My last two fishing trips have been very different affairs, with the vivid blue of the Aegean Sea providing an exotic contrast to my local river Lea.

Unpacking our bags after arriving in the north of Rhodes for a family holiday, you can imagine my partners surprise at discovering my battered six piece Shimano travel rod, a old reel and a few other bits and bobs hidden under the beach towels…

For the first few days the sea was just too rough to even contemplate snorkelling or fishing – just getting in and out for a swim was hard work.

However the wind eventually dropped and at daybreak the next morning I went down to the sea with Tom, who had broken the unofficial code of the teenager and got out of bed to join me at least five hours before he normally surfaces.

We took it turns, trying different baits including bread, mussels and corn that I’d snaffled from the dinner table the night before. After two hours and with the sun rising rapidly, we returned home bite-less for breakfast.

Snorkelling that afternoon revealed the main reason we hadn’t had any fish earlier in the day. There were none there.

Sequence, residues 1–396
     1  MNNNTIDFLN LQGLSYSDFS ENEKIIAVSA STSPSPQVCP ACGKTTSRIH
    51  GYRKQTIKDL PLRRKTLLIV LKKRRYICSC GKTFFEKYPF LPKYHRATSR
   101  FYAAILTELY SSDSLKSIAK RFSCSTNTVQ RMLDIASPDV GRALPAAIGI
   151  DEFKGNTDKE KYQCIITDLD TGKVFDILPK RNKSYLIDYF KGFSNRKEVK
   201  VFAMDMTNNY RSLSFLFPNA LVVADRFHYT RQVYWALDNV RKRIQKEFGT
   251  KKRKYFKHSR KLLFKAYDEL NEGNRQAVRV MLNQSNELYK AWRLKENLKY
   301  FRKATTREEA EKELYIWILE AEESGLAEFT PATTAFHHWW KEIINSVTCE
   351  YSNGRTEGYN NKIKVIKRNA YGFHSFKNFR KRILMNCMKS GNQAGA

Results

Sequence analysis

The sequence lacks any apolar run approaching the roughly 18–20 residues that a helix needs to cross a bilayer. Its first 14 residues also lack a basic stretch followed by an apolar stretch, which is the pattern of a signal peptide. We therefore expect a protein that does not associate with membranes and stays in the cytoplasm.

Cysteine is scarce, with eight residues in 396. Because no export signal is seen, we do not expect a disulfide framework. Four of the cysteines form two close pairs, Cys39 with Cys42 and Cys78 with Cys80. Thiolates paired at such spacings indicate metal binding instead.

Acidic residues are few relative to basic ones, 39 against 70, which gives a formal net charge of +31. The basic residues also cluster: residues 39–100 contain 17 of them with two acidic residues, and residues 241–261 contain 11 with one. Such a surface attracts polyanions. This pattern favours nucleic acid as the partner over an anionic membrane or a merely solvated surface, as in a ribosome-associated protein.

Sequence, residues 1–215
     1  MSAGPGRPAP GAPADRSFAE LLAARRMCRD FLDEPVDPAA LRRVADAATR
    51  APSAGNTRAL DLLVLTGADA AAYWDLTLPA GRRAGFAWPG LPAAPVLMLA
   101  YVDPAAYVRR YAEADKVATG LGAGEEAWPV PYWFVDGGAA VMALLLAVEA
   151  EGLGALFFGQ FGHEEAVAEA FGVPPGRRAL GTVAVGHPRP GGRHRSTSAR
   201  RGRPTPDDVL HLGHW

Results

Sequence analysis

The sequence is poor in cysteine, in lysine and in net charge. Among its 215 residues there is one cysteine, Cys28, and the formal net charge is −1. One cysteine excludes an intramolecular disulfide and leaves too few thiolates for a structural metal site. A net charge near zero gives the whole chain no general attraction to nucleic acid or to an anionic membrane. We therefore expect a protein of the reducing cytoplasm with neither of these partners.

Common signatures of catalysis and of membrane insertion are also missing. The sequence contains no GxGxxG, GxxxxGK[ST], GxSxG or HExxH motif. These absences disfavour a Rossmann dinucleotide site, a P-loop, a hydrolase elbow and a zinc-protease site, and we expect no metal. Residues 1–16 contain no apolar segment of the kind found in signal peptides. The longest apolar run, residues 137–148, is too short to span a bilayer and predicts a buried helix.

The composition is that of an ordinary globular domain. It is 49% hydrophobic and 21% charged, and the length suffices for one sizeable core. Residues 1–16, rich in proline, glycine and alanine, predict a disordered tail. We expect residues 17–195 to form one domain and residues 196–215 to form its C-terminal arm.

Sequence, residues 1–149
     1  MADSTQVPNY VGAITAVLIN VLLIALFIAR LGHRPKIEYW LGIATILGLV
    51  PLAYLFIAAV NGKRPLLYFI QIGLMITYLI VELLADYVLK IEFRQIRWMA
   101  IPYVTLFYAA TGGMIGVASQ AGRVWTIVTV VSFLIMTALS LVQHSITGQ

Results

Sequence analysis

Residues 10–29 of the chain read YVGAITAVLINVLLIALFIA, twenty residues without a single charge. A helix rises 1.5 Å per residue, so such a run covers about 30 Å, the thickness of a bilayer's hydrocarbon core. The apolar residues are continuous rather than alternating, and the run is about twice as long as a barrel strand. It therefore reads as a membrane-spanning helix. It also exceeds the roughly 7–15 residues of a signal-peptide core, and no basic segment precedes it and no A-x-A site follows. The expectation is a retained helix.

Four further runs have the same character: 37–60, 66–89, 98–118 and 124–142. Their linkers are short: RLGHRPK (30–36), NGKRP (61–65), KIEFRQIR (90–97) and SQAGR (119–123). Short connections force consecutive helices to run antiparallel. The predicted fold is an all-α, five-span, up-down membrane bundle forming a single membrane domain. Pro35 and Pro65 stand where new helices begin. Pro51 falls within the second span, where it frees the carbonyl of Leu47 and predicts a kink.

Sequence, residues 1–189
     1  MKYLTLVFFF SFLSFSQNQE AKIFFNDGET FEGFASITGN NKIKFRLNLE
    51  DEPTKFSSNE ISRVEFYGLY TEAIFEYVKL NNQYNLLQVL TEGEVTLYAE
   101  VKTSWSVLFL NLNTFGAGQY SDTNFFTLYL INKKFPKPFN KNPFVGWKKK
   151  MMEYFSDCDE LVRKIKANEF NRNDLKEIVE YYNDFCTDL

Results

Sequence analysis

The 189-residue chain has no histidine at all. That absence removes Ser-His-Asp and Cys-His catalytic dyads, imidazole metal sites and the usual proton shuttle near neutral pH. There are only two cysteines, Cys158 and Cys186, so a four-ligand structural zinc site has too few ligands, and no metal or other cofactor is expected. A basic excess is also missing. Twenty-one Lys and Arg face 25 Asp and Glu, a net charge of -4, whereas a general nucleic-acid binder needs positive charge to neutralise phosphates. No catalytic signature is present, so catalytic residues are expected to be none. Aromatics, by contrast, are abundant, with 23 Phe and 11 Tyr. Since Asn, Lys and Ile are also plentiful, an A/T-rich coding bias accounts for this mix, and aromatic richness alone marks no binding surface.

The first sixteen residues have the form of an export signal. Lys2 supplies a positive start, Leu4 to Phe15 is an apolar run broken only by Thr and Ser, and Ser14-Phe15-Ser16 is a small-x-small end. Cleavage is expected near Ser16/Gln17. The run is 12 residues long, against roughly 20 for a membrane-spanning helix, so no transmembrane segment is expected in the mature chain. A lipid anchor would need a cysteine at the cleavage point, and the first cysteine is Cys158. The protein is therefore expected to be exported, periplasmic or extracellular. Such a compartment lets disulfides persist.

However further out on the edge of a sand bank, we found the odd cluster of rocks and sunken beach umbrella stands that had attracted a variety of fish including bream, some colourful exotic species and the occasional, good sized mullet.

They were well out of casting range so the next afternoon I devised a plan. I made up a couple of hand-lines featuring a half ounce lead as a sinker running through to a size 12 super specialist baited with corn. The plan was to just float above anywhere we found fish and drop the rigs down into the rocky areas.

After an hour of searching we found a little group of wrasse type fish that looked big enough to pursue.

I missed a bite then Tom almost had a little bream that was too quick again. And then finally I hooked one. I think it was a species called serranus cabrilla and, at five or six ounces he was not only a new pb but one of my most memorable captures of late.